Coventry man found with indecent images on his phone of young girls being raped avoids jail after court mistakes
A Coventry man who had images on his phone of young girls being raped has avoided jail after a judge had to sit as a magistrate because of mistakes made at the lower court.
Mark Gillings, aged 29, of Ribble Road, Stoke, was told by Judge Richard Griffith-Jones that no society could stand by and watch children being exploited in such a despicable way.
But following mistakes in the way the case had been dealt with at Coventry Magistrates Court, the Warwick Crown Court judge had to sit as a senior magistrate – with fewer sentencing powers – for new charges to be put.
Gillings then pleaded guilty to three charges of making indecent images of children by downloading them onto his computer and one of distributing an indecent image of a child.
He also pleaded guilty to three charges of possessing still indecent images of children on his mobile phones and one of possessing an indecent movie.
In addition, Gillings pleaded guilty to possessing prohibited computer-generated images (CGIs) of children and possessing extreme pornography showing adults in sex acts with animals.
Gillings was sentenced to eight months in prison suspended for 18 months, with supervision, was ordered to do 60 hours of unpaid work and to register as a sex offender for ten years.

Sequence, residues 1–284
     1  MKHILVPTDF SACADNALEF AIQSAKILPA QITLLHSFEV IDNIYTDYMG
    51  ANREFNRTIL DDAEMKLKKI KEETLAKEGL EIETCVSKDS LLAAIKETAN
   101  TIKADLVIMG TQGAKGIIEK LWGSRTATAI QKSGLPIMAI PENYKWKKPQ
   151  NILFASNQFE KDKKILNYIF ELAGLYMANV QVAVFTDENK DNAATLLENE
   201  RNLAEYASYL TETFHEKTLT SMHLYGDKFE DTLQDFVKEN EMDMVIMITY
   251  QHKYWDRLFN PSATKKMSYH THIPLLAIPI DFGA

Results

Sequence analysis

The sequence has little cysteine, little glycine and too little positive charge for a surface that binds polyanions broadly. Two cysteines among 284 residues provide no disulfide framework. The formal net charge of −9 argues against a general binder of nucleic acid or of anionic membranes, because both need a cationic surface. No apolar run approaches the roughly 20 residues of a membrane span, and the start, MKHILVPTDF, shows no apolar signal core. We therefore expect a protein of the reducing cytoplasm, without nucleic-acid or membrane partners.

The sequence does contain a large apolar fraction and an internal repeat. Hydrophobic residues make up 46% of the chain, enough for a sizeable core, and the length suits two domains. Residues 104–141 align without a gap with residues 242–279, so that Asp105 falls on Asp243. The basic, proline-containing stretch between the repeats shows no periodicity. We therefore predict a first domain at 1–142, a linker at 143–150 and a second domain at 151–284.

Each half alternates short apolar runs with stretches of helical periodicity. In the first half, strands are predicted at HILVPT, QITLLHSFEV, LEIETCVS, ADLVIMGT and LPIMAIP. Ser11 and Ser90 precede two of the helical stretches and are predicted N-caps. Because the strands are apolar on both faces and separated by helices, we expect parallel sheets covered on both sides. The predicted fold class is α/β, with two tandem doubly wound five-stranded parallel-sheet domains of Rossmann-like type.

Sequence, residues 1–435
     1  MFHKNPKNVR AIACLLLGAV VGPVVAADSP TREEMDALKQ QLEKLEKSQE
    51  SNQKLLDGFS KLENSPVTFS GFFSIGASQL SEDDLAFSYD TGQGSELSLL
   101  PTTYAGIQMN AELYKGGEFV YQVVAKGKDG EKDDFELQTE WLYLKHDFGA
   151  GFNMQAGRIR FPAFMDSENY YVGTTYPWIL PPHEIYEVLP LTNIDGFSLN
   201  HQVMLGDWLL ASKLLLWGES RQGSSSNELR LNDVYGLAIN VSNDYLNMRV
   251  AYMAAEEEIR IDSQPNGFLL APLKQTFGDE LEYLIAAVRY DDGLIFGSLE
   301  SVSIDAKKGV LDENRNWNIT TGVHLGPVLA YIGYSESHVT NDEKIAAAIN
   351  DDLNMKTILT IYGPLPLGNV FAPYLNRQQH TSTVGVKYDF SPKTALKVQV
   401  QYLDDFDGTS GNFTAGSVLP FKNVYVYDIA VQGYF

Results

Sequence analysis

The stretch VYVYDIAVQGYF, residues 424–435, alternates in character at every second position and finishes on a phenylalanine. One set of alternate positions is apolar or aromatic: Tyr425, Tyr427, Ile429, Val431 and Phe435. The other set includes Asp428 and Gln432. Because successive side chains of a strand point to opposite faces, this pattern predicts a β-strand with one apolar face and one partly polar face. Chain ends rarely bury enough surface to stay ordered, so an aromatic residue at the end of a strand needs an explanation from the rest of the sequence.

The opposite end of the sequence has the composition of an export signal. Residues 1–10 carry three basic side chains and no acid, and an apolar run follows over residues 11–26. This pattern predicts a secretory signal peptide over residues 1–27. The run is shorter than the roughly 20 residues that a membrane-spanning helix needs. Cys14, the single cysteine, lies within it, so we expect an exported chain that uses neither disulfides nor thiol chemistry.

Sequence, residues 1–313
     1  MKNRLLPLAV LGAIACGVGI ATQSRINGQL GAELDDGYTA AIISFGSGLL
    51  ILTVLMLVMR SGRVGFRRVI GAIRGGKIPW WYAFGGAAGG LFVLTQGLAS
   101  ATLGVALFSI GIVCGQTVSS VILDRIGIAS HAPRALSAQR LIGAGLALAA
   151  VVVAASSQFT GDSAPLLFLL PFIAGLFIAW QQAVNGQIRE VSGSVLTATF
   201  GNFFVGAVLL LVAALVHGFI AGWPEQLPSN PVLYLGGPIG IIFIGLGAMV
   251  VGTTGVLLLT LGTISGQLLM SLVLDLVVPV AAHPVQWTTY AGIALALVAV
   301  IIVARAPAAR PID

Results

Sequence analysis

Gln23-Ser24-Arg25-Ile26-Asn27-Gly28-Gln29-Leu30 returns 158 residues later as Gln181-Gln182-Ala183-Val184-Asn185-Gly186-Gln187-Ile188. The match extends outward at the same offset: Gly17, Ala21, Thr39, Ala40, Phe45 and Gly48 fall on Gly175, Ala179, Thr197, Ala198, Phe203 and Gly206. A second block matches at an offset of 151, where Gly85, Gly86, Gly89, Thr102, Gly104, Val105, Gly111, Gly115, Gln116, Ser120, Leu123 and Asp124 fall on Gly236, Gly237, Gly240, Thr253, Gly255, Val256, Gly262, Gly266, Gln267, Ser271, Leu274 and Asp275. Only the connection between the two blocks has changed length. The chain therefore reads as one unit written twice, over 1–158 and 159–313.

“This is not a crime of what goes on in your own head, where you’re entitled to your own privacy.
“You have downloaded photographs, which provides a hideous market for individuals who abuse children.
“These are real children.
“No society can stand by and let its children be exploited in that despicable way.
“It is so serious that only a custodial sentence can be justified; but you’re a man of effective good character, and you pleaded guilty at the first opportunity.”
Prosecutor Talbir Singh said the police searched Gillings’ home after it had come to the attention of the authorities that he had been receiving indecent images.
Officers seized his computer and two mobile phones, on which they found a total of 125 still images, and one movie classed as being in category A – showing children being subjected to penetrative sex acts.
There were 61 category B images, defined as showing children involved in non-penetrative sexual activity.
And a further 200 images on his computer and 159 on his phones were in category C, which covers children portrayed in naked or indecent poses without any actual sexual activity.
Of the most serious category A images, Mr Singh said they included the rape of young girls who were being forced to perform oral sex on adult men.
Gillings’ phones also contained 48 prohibited CGI images depicting children involved in sex acts with adults.
There were also ten images of extreme pornography showing adults of both sexes taking part in sex acts with animals.
When he was interviewed following his arrest, Gillings admitted he had viewed such material on his computer and phones, but had deleted them afterwards.